Even when you use the users column to control which enumerators are shown to which users, note that all users can still see and select any enumerator, by default, by choosing Show other enumerators or by entering or scanning an ID that's not listed. To prevent users from seeing or identifying themselves as an enumerator at odds with their current login, use the "other-user-code(xyz)" option in your enumerator field: that will require your specified code be entered before listing, entering, or scanning an identity in the Show other enumerators list.
You can build your enumerator list in a .csv file, an Excel file, or a Google Sheets document, and upload that list into your enumerator dataset; the bolded names above are exactly what should appear in your spreadsheet's first row (as the names of the columns). You can also edit your enumerator dataset directly on the Design tab: just scroll down to the Your forms and datasets section, find your dataset, and click Edit.
Beyond those three columns, you're free to extend an enumerator dataset to include whatever additional fields you'd like. Those additional fields would just be yours to manage, either manually (by uploading new data or editing the dataset on the Design tab) or automatically (by publishing form data directly into the dataset). See Advanced publishing with datasets and Pre-loading data into a form for more about your options for working with server datasets. Just one important note on publishing into enumerator datasets:
Enumerator fields: Identifying enumerators — and adding them when needed
Once you've created your enumerator dataset, you can attach it to a form and add an enumerator field to identify the enumerator filling out the form.
When someone arrives at the enumerator field in your form, they will be able to identify themselves by picking themselves from the list of enumerators, entering their unique enumerator ID, or scanning a QR code (in the SurveyCTO Collect mobile app). Once an enumerator has identified themselves using an enumerator field, SurveyCTO will remember that identity within the workspace (in the mobile app) or browser (in web forms) until they log out or explicitly switch enumerators, only asking them to re-confirm their identity at each enumerator field.
If an enumerator finds themselves at an enumerator field, but they are not yet in the enumerator dataset and therefore cannot select, enter, or scan their ID, they can click the Add new enumerator option at the bottom of the field. This will allow them to add themselves as a new enumerator, and SurveyCTO will suggest a new randomly-generated enumerator ID based on the default format specified by your enumerator dataset. Once the form submission containing the new enumerator is received on the server (and approved, if using the review and correction workflow), the new enumerator will be automatically published into the enumerator dataset.
If you want to restrict who can add new enumerators in this way, you can use the "add-new-code(xyz)" option in the enumerator field. Doing so will require the user to correctly enter the code you specify before being allowed to add a new enumerator.
See the documentation for the enumerator field type for more details.
Case management: Linking cases to enumerators
If your workflow uses case management, you can link cases to enumerators so that the Manage Cases list will include only cases relevant for the current enumerator. Here's how:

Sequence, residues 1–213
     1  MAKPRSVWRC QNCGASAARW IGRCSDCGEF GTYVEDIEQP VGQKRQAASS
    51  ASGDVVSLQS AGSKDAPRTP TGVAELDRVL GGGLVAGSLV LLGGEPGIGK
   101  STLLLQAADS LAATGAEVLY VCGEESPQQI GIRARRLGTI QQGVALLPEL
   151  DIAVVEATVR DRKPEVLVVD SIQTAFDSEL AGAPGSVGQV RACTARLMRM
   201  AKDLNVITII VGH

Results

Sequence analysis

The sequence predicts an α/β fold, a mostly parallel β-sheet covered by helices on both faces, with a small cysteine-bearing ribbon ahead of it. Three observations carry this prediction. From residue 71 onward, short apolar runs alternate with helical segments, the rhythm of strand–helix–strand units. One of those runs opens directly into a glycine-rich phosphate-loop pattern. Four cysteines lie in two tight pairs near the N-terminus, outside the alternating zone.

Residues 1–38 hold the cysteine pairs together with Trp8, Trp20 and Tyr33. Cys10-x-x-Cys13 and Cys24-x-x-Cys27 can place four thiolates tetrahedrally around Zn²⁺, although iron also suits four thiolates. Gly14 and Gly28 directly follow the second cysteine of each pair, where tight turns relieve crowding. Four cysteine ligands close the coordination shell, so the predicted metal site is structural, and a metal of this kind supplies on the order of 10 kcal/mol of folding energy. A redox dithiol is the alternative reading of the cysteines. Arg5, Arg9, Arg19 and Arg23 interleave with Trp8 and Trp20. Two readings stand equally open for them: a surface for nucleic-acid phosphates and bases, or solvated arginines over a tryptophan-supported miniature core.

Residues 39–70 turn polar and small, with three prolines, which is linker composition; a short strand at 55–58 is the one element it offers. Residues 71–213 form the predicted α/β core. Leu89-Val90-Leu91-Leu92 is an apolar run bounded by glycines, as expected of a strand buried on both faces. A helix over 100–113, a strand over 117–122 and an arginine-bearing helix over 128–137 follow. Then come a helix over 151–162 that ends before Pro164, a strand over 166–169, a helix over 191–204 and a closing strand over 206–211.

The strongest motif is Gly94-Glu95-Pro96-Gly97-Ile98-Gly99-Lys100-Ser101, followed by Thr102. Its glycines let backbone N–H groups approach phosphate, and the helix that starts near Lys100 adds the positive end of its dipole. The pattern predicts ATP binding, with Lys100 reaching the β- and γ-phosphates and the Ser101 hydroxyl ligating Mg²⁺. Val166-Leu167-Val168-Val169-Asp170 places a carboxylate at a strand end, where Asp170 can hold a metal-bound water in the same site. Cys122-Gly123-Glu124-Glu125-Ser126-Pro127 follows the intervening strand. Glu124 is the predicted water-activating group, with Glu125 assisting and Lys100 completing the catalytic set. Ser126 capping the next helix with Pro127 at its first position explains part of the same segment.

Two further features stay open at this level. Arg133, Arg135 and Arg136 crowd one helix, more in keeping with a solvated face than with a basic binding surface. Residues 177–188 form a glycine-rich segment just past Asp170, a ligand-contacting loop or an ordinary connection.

- Link your cases dataset to the appropriate enumerator dataset. You can do this on the Design tab: scroll down to the Your forms and datasets section, find your cases dataset, click Settings, choose the appropriate enumerator dataset, and save.
- For each case, include a comma-separated list of enumerator IDs in the enumerators column (just the way you might include lists of users in the users column). You can do this by editing your cases dataset directly on the Design tab: scroll down to the Your forms and datasets section, find your cases dataset, and click Edit. (If your cases dataset doesn't have an enumerators column, you'll need to add it. Do this by downloading your cases dataset, adding a new column with "enumerators" in the first row, and then uploading back into your cases dataset.)
Once your cases and enumerator datasets are linked and at least one case is linked to at least one enumerator ID, the Manage Cases interface will begin requiring that enumerators identify themselves, so that the appropriate cases can be listed. Cases with one or more enumerator IDs listed in their enumerators column will appear only for those enumerators, provided that the users and roles columns aren't used to further restrict who can see which cases. See the full help topic on case management for details about how you can restrict cases to enumerators, users, and/or user roles. Cases without anything in their enumerators, users, and roles columns will appear to everyone.
To streamline enumerator identification, the current enumerator's identity is shared between the case-management and form-filling interfaces: after selecting an enumerator in the Manage Cases screen, all forms in the workspace (in the mobile app) or browser (in web forms) will recognize that enumerator selection until they log out or explicitly switch enumerators; likewise, after selecting an enumerator within a form, that enumerator will automatically be selected in the Manage Cases screen.
Finally, note that there is no Add new enumerator option available when enumerators identify themselves in the Manage Cases interface. If a new enumerator wants to fill out a form for a case, they will have to first identify themselves as an existing enumerator in order to see the case, then, in the form itself, they can add themselves as a new enumerator.